Lightning struck near the North Pole 48 times. It's not normal.
A warmer Arctic in general provided the fuel for lightning-producing thunderheads to move north.
Lightning happens all the time, but certain parts of the world get far less of it than others, including near the North Pole. Lightning requires atmospheric instability, something that’s set up when cold, parched air sits atop warmer, wetter air. At very high latitudes, that hotter, damper air tends not to show up.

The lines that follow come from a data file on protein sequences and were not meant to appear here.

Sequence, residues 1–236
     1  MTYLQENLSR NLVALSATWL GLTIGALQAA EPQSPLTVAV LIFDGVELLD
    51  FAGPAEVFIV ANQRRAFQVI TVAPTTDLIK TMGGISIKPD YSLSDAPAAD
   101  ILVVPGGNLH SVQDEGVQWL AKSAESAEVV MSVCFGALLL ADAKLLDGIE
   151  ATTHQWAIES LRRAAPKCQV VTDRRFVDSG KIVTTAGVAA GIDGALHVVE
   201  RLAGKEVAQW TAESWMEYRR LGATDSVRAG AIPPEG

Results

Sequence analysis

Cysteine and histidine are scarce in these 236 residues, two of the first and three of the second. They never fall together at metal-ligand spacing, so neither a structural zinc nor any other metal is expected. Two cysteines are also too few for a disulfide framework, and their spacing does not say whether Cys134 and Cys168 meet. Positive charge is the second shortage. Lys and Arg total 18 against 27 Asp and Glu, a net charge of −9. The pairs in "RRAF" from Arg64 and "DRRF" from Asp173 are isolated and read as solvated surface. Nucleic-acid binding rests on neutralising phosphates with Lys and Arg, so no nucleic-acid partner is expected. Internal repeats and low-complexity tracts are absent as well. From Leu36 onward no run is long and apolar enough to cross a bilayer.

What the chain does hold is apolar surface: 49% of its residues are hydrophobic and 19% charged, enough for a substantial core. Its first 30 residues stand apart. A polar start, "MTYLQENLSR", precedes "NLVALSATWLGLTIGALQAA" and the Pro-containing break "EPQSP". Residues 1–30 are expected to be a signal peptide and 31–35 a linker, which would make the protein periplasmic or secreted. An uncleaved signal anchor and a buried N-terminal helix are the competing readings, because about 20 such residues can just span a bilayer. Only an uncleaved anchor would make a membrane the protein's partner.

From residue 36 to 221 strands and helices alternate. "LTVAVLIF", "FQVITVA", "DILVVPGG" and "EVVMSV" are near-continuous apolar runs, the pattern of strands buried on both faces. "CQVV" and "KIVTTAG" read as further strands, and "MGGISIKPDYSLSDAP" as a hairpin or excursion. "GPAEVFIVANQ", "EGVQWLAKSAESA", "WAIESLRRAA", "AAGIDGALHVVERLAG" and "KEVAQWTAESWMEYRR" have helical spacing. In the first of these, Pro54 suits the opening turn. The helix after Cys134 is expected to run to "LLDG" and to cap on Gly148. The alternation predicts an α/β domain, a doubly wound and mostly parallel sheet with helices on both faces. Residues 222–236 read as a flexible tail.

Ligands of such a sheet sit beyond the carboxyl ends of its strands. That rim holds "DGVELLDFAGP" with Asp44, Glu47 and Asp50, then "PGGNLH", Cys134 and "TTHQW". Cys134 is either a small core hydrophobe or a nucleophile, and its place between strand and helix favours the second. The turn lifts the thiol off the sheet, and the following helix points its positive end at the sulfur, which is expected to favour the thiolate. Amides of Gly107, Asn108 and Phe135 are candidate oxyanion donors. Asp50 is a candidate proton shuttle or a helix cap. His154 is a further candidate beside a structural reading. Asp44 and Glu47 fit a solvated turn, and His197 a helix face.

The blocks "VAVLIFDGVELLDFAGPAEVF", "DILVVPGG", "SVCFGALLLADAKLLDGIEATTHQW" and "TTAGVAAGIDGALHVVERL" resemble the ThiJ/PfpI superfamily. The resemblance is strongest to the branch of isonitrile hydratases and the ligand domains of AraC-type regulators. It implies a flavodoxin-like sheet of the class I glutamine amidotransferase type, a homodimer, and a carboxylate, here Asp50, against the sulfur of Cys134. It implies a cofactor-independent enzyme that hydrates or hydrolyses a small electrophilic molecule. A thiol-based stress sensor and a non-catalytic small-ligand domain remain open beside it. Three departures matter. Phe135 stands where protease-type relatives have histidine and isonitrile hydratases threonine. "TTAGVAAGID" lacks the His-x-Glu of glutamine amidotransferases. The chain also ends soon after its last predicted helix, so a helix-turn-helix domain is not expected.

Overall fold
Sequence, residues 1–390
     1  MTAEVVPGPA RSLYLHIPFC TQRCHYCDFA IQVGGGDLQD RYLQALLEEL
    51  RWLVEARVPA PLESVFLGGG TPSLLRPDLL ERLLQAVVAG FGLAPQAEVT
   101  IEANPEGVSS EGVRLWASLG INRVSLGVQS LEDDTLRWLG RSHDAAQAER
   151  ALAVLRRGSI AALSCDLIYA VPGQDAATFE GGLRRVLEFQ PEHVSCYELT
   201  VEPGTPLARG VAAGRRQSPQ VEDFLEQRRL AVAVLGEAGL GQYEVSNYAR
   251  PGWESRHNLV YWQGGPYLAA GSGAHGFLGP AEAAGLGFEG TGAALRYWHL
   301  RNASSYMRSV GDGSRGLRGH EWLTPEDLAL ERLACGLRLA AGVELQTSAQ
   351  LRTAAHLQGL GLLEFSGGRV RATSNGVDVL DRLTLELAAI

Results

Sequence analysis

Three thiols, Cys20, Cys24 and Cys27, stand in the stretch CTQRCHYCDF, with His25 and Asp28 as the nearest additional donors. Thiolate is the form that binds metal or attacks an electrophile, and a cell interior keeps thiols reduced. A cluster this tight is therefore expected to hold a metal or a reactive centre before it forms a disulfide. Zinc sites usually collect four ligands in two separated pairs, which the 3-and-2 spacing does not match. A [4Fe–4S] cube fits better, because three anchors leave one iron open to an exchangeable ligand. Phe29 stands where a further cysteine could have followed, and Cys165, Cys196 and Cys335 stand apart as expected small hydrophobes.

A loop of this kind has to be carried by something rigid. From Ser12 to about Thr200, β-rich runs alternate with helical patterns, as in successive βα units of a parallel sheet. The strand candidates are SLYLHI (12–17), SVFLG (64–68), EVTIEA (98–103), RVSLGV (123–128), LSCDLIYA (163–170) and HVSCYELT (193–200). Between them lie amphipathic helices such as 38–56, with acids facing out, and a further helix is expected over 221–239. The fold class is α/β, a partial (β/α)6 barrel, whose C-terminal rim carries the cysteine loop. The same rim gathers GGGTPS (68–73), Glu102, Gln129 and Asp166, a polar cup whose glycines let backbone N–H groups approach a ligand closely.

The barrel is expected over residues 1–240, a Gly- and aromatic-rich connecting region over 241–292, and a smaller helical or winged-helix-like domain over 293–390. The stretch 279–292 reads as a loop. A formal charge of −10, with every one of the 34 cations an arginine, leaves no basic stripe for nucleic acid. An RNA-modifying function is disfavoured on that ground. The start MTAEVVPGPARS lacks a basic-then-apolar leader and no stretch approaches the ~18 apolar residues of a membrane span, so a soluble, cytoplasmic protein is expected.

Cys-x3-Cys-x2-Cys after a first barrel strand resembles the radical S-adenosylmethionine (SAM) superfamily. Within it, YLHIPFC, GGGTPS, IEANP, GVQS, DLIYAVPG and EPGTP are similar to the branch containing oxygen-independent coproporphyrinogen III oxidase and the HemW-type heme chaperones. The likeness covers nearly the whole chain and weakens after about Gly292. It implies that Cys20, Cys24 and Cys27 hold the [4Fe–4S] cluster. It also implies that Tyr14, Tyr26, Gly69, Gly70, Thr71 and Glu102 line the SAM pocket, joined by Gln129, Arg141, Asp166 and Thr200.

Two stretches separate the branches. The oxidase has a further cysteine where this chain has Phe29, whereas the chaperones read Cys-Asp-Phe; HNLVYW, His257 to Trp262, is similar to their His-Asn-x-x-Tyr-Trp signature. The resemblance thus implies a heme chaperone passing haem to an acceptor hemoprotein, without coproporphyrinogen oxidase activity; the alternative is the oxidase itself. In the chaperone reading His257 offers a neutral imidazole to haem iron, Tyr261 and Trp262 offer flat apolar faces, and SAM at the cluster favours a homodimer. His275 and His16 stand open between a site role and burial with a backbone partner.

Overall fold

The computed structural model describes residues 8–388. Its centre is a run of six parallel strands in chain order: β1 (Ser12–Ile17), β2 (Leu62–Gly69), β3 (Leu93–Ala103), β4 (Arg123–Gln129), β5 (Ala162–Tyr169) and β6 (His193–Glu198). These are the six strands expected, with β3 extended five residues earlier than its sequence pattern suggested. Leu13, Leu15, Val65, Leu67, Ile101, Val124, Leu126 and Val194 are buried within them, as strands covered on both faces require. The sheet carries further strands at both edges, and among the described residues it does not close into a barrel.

That’s why it took scientists by surprise when dozens of lightning strikes were detected within 300 nautical miles of the North Pole this past weekend. In fact, it was so unusual that it was highlighted on Twitter by the National Weather Service’s office in Fairbanks, Alaska. A bulletin of theirs said this was “one of the furthest north lightning strikes in Alaska forecaster memory.”